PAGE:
[Show abstract][Hide abstract] ABSTRACT: Despite recent advances in understanding community ecology of ectomycorrhizal fungi, little is known about their spatial patterning and the underlying mechanisms driving these patterns across different ecosystems.This meta‐study aimed to elucidate the scale, rate and causes of spatial structure of ectomycorrhizal fungal communities in different ecosystems by analysing 16 and 55 sites at the local and global scales, respectively. We examined the distance decay of similarity relationship in species‐ and phylogenetic lineage‐based communities in relation to sampling and environmental variables.Tropical ectomycorrhizal fungal communities exhibited stronger distance‐decay patterns compared to non‐tropical communities. Distance from the equator and sampling area were the main determinants of the extent of distance decay in fungal communities. The rate of distance decay was negatively related to host density at the local scale. At the global scale, lineage‐level community similarity decayed faster with latitude than with longitude.Synthesis. Spatial processes play a stronger role and over a greater scale in structuring local communities of ectomycorrhizal fungi than previously anticipated, particularly in ecosystems with greater vegetation age and closer to the equator. Greater rate of distance decay occurs in ecosystems with lower host density that may stem from increasing dispersal and establishment limitation. The relatively strong latitude effect on distance decay of lineage‐level community similarity suggests that climate affects large‐scale spatial processes and may cause phylogenetic clustering of ectomycorrhizal fungi at the global scale.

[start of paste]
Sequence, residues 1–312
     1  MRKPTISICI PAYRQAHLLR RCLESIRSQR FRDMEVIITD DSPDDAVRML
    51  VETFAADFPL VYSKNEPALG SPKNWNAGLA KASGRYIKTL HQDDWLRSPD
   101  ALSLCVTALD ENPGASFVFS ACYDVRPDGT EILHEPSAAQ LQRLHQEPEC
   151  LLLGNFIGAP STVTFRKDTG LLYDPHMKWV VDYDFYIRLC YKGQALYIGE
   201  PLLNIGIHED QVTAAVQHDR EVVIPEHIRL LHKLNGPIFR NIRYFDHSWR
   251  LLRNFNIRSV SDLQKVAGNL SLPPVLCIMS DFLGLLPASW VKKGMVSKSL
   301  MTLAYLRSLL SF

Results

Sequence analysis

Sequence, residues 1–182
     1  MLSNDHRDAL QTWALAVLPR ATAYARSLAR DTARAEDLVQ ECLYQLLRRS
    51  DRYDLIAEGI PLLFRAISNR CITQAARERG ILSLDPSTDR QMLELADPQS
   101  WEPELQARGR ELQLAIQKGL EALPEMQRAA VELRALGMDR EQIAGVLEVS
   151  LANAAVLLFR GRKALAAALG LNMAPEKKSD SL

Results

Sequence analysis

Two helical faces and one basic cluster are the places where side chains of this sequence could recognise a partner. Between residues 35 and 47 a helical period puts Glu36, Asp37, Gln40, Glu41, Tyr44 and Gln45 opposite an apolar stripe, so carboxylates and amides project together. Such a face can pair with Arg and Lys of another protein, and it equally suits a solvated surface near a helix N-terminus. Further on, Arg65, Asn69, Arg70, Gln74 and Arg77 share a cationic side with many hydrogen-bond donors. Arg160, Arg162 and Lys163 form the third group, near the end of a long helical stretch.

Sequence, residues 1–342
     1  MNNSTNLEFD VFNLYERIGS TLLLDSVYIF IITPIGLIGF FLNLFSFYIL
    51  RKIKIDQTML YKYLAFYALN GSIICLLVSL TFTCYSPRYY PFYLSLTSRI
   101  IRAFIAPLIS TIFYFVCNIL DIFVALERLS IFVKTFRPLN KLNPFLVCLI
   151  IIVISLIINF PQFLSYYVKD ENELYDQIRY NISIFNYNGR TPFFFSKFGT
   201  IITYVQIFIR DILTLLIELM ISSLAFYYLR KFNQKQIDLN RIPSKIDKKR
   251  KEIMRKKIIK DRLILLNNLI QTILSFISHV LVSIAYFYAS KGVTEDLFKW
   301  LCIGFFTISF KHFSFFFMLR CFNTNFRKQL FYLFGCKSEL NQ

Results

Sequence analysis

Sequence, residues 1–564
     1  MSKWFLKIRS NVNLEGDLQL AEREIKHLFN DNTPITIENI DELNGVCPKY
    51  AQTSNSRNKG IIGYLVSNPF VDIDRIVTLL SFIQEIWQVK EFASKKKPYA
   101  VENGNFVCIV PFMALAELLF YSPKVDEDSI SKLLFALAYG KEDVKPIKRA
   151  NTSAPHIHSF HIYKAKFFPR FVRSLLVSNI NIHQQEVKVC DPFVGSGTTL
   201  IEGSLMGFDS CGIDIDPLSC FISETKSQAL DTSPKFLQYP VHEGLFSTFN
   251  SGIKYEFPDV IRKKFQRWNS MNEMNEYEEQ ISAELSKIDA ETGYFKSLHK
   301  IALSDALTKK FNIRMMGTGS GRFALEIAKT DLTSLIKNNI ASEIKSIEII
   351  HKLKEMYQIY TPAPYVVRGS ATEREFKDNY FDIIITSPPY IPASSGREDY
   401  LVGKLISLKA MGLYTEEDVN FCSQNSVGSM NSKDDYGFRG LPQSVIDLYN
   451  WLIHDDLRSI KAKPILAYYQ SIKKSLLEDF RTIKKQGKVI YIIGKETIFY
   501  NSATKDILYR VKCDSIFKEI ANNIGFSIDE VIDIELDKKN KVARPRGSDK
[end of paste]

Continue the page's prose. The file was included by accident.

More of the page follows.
Journal of Ecology 09/2013; 101(5). · 5.69 Impact Factor
[Show abstract][Hide abstract] ABSTRACT: Fungi from the Ceratobasidiaceae family have important ecological roles as pathogens, saprotrophs, non-mycorrhizal endophytes, orchid mycorrhizal and ectomycorrhizal symbionts, but little is known about the distribution and evolution of these nutritional modes. All public ITS sequences of Ceratobasidiaceae were downloaded from databases, annotated with ecological and taxonomic metadata, and tested for the non-random phylogenetic distribution of nutritional modes. Phylogenetic analysis revealed six main clades within Ceratobasidiaceae and a poor correlation between molecular phylogeny and morphological–cytological characters traditionally used for taxonomy. Sequences derived from soil (representing putative saprotrophs) and orchid mycorrhiza clustered together, but remained distinct from pathogens. All nutritional modes were phylogenetically conserved in the Ceratobasidiaceae based on at least one index. Our analyses suggest that in general, autotrophic orchids form root symbiosis with available Ceratobasidiaceae isolates in soil. Ectomycorrhiza-forming capability has evolved twice within the Ceratobasidiaceae and it had a strong influence on the evolution of mycoheterotrophy and host specificity in certain orchid taxa.